Many years,

Neil
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« Reply #15 on: April 21, 2005, 06:46:34 AM »

Matthew,

You are deluded. I think you need to chop some wood and pray all day, for the next 20 years or so!

Matthew! Dude, you are so whacked!

Repeat after Mr. Miyagi !!!!

"Wax on, wax off.
Wax on, wax off.
Wax on, wax off.
Wax on, wax off"

Good Grasshopper!
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« Reply #16 on: April 21, 2005, 07:08:40 AM »

Matthew...bear in mind that wich ever order you join, you will be under obedience. You may get to teach, but on the other hand if the community needs wood you will end up chopping! Remeber Br. Lawrence? He worked and found fufillment in his communities kitchen, even though he hated cooking!
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« Reply #17 on: April 21, 2005, 11:29:30 AM »

I find all your postings very immature - whatever subject.  OK that's youth, been down that road myself and made a fool of myself.  But God is MERCIFUL and points us in the right direction eventually, IF we care to listen to advice (not mine!) but other well-wishers on this forum.  When the last monk/nun stops praying then all those wonderful welfare institutions will crumble, the world as we know it will evaporate.  It is aPRAYER that sustains the world, not social action. If you have to chose, chose PRAYER.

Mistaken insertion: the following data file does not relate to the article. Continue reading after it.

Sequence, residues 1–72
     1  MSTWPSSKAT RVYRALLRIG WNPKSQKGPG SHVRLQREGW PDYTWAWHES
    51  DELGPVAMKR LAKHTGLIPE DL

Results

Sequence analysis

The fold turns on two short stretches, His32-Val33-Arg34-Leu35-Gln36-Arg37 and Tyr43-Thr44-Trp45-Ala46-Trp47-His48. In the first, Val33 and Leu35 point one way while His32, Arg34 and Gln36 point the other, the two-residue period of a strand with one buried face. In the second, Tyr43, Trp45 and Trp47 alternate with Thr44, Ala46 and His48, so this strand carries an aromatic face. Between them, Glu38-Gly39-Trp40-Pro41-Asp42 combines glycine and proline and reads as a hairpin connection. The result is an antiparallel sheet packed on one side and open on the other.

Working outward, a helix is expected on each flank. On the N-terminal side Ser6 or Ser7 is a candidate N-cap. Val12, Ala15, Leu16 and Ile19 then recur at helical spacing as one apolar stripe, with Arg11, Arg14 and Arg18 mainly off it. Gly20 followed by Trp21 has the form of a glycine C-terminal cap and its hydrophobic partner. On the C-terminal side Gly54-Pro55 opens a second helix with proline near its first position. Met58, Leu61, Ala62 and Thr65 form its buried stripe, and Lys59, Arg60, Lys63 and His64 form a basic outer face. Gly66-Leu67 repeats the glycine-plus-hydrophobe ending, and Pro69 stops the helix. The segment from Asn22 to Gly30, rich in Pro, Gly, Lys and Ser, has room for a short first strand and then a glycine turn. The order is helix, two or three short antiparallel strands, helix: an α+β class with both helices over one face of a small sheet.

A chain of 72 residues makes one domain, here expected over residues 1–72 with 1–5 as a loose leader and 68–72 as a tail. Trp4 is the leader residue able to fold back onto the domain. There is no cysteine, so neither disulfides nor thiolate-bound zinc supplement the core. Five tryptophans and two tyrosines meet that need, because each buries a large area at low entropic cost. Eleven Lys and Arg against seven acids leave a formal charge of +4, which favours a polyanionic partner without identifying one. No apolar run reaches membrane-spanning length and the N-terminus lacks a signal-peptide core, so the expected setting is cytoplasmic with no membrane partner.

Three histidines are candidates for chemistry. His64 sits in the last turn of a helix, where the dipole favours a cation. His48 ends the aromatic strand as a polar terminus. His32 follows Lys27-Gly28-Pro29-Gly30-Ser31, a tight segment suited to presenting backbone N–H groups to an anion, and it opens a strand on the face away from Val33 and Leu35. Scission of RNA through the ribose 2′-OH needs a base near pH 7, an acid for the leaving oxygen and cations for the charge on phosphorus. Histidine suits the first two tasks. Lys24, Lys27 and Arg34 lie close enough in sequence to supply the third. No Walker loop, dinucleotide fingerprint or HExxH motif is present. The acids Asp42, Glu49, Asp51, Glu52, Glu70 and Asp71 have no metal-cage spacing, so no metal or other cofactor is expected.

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« Reply #18 on: April 21, 2005, 11:44:43 AM »

One wonders *why* you think that whatever monastic order *you* deem good will automatically take you.  "The house chooses the monk" not the other way around. 

Novice masters are not chosen carelessly, but to guide and winnow out those who do not have a calling or do not fit into the monastic life. Not all persons who think they have a Call to the monastic life actually do. 

You seem to think that your plans are What Will Be.  A useful thing to learn is what one wants is not always (or even mostly) what happens.  Reality is itself and does not bow to our wishes.


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« Reply #19 on: April 21, 2005, 12:36:26 PM »

You dishonor the communities that you are considering, both Catholic and Orthodox, by the shallowness of the basis on which you purport to choose between them.

Perhaps I am just able to look beyond sectarianism.
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« Reply #20 on: April 21, 2005, 12:54:14 PM »